3 securities trading pursuant to law, in the event of difficulties of a given company in meeting its obligations to its customers. The Act is divided into seven Chapters. Chapter I specifies the objective of the law and the institution of the Fund, its membership, board of directors and executive manager, and annual general meeting. Chapter II contains provisions on contributions to the Fund s Deposit Department and Securities Department and revocation of licences. Chapter III deals with payments from the Fund, amounts payable, loans between Departments and subordinated loans. Foreign branches are addressed in Chapter IV. Chapter V contains clauses on the Fund s annual account and auditing, supervision, provision of information and exemption from taxation and bankruptcy law. It also authorises a ministerial regulation setting further provisions regarding the Fund s operations. Chapter VI authorises the establishment of a reserve fund in order to safeguard customers interests and the financial security of commercial or savings banks. Finally, entry into force is stated in Chapter VII. 65 Establishment of the Fund Act No. 98/1999 was passed by parliament on December 27, 1999 and entered into force on January 1, The Depositors and Investors Guarantee Fund was established on December 28, Its Articles of Association are from the same time. By law, its Articles of Association are subject to ministerial approval, following review and comment by the Financial Supervisory Authority. On February 21, 2000 the Minister of Commerce adopted Regulation No. 120/2000, on Deposit Guarantees and Investor-Compensation Scheme, subsequently amended by Regulation No. 864/2002. The Depositors and Investors Guarantee Fund is a private foundation operating in two independent departments, the Deposit Department and the Securities Department, with separate finances and accounting. Neither department is responsible for the liabilities of the other. Besides its Deposit and Securities Departments, the Fund may operate a separate loan department with separate finances and accounting. The Financial Supervisory Authority supervises that the operations of the Fund are in conformity with Act No. 98/1999, Regulation No. 120/2000 and the Fund s Articles of Association. Supervision is in other respects governed by Act No. 87/1998 on Official Supervision of Financial Operations. The Fund is exempt from both income tax and wealth tax. It shall not be taken into receivership nor its assets attached for debt. Commercial banks, savings banks, companies providing investment services, and other parties engaging in securities trading pursuant to law and established in Iceland, shall be members of the Fund. The same shall apply to any of their branches within the EEA and EFTA. Member companies shall not be liable for any commitments entered into by the Fund beyond their statutory contributions to it. Payments to the Deposit Department According to Article 6 of Act No. 98/1999 the minimum total assets of the Deposit Department shall be 1% of the average amount of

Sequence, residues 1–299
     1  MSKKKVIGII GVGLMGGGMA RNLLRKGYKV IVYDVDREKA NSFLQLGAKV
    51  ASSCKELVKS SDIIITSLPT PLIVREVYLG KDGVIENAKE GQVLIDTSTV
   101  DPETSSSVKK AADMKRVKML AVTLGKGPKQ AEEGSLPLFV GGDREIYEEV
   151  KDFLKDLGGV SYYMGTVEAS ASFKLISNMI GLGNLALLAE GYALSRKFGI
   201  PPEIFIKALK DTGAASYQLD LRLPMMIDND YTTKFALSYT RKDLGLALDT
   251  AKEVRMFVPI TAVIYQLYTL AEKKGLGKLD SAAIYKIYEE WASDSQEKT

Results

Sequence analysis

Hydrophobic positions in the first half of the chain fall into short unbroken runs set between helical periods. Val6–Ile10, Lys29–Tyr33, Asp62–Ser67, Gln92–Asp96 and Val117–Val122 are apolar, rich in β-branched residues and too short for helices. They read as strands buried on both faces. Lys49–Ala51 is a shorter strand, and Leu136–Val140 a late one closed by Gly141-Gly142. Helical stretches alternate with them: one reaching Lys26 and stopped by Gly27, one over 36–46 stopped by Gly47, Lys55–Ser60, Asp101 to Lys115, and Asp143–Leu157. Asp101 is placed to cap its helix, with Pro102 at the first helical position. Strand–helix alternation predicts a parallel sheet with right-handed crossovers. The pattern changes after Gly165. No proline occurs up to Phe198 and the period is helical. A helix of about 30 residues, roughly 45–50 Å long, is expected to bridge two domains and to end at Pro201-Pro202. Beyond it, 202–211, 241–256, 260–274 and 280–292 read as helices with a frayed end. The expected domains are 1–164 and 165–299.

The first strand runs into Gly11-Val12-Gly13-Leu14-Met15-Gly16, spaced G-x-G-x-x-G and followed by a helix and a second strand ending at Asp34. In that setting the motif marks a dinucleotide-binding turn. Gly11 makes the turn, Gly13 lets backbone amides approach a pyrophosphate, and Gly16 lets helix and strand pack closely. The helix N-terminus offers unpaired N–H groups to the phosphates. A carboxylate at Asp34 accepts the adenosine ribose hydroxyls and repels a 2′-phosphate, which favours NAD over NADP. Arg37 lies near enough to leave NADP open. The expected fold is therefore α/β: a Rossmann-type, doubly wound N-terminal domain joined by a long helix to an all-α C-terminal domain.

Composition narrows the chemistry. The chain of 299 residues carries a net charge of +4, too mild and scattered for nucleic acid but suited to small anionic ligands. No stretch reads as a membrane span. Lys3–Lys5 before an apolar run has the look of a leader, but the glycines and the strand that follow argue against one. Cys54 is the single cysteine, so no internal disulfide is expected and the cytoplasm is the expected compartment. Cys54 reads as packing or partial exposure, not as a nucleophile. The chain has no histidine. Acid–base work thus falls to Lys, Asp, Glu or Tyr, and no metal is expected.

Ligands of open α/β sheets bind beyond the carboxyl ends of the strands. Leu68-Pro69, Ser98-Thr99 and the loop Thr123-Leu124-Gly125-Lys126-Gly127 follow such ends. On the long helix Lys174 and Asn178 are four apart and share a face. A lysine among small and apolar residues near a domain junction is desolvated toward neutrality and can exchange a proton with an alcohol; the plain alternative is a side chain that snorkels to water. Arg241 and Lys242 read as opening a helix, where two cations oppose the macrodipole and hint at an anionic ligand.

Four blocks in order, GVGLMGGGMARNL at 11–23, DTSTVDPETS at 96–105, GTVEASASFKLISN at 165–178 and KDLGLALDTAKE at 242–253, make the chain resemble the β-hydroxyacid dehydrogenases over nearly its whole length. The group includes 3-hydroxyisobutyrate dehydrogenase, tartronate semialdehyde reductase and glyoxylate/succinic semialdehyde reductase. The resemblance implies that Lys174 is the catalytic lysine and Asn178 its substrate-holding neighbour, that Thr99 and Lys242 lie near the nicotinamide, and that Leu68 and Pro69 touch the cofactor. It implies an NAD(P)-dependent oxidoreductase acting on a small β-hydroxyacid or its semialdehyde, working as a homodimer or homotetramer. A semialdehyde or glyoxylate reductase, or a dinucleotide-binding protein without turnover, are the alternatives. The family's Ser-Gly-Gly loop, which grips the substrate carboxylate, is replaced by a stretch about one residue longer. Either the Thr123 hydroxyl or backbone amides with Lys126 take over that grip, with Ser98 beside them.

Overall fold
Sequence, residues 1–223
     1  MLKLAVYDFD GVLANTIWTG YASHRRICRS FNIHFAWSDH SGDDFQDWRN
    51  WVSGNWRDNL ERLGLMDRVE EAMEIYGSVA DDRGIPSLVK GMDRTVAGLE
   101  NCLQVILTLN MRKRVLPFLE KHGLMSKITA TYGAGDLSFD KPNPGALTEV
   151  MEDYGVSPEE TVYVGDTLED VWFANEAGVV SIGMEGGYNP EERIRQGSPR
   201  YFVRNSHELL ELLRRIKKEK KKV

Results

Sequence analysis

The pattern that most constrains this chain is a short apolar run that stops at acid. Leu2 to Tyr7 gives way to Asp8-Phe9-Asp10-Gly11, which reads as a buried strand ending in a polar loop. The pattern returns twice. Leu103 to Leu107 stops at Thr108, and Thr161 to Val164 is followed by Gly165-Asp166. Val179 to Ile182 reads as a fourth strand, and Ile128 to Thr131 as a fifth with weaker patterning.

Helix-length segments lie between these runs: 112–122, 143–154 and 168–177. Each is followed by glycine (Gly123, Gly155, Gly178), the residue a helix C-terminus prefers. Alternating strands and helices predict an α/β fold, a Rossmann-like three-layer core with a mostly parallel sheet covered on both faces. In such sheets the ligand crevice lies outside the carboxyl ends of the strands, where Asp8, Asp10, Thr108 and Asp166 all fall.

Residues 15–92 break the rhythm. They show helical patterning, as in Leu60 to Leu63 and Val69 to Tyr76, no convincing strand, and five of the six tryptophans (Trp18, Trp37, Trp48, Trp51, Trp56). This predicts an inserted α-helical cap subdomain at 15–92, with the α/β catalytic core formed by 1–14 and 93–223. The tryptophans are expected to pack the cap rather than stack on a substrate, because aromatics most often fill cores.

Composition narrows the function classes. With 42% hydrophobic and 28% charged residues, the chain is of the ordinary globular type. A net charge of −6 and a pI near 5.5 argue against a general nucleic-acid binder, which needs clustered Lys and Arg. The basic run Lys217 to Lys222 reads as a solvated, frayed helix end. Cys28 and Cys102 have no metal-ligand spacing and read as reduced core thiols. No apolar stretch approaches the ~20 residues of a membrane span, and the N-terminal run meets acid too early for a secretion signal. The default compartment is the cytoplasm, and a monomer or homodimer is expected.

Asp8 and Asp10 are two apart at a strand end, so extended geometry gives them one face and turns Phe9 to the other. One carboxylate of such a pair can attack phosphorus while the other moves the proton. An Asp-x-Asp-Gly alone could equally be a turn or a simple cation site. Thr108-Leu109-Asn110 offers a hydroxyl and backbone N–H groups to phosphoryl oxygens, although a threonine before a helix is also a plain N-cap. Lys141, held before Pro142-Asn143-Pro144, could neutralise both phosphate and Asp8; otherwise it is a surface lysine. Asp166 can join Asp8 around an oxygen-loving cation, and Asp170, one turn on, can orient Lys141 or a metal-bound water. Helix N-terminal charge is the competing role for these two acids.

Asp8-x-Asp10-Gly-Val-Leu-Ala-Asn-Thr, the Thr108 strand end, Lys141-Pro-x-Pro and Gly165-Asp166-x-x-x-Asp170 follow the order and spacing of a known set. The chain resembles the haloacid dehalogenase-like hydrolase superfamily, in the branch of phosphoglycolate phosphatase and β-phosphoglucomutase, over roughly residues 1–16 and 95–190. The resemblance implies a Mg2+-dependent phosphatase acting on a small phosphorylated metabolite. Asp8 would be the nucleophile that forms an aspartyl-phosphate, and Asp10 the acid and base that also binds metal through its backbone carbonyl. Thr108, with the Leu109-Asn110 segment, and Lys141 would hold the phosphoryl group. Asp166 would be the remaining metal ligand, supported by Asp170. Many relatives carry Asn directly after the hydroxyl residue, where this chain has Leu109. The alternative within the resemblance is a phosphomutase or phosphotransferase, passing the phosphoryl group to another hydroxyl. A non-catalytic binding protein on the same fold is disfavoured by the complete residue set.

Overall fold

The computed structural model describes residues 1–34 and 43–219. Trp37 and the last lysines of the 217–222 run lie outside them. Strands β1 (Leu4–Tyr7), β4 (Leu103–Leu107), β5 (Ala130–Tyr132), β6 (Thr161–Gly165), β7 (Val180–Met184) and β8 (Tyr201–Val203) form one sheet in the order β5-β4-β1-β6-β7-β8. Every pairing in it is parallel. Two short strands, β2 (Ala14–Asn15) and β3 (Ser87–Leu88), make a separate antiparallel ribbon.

4 66 guaranteed deposits in commercial banks and savings banks during the preceding year. If the Fund s total assets fall short of this minimum, all commercial and savings banks shall, no later than March 1 each year, contribute to it an amount equivalent to 0.15% of their average of guaranteed deposits during the preceding year, cf., however, the 1% minimum limit. The clause on a 1% minimum originated in Act No. 113/1996, but no justification for this specific reference amount is made in the explanatory notes accompanying the bill that became Act No. 98/1999. By comparison, arrangements for funding of deposit guarantees vary widely within the EU. Fourteen member states finance depositprotection schemes ex ante. Five finance them ex post, i.e. payments are made to the fund when a liability towards deposit holders is formed. Six states have hybrid funding arrangements. In the ex ante states, highly divergent requirements are made regarding the coverage ratio. If the total assets of the Deposit Department do not amount to the required minimum, all commercial and savings banks shall submit a declaration of liability undertaking to make a special contribution to the Department when it is obliged to refund deposits in any commercial or savings bank that is a member of the Fund. Each commercial or savings bank s declaration of liability shall extend to the same proportion of the amount required to make up the minimum as its proportion of the aggregate guaranteed deposits. However, demands for contributions to the Department based on declarations of liability shall not exceed the equivalent of one-tenth of the minimum total assets of the Fund. When the above circumstances arise, commercial and savings banks are obliged to make payment to the Fund on demand. Payments to the Department are non-refundable. Payments to the Securities Department According to Article 7 of Act No. 98/1999 the total assets of the Securities Department of the Fund shall amount to a minimum of 100 m.kr. The explanatory notes to Act No. 98/1999 argue that this amount would be sufficient to ensure a minimum level of investor protection. Customers of investment firms are considered unlikely to incur serious losses from a bankruptcy, given the different nature of deposits and securities. Deposits are the mainstay of credit institutions funding and appear in their balance sheets. 5 By contrast, investment firms do not procure funding with the securities that must be covered, so they do not appear on their balance sheets. Legislation on securities transactions obliges investment firms to ensure a clear separation of their customers and their own assets. Investment firms could thus go bankrupt without their customers in securities transactions suffering any losses. Customers would lose their assets only in the event of a gross error or fraud. Finally, it is argued that while the likelihood of bankruptcy among investment firms is 5. It should be pointed out that funding of credit institutions has changed substantially since this bill was written.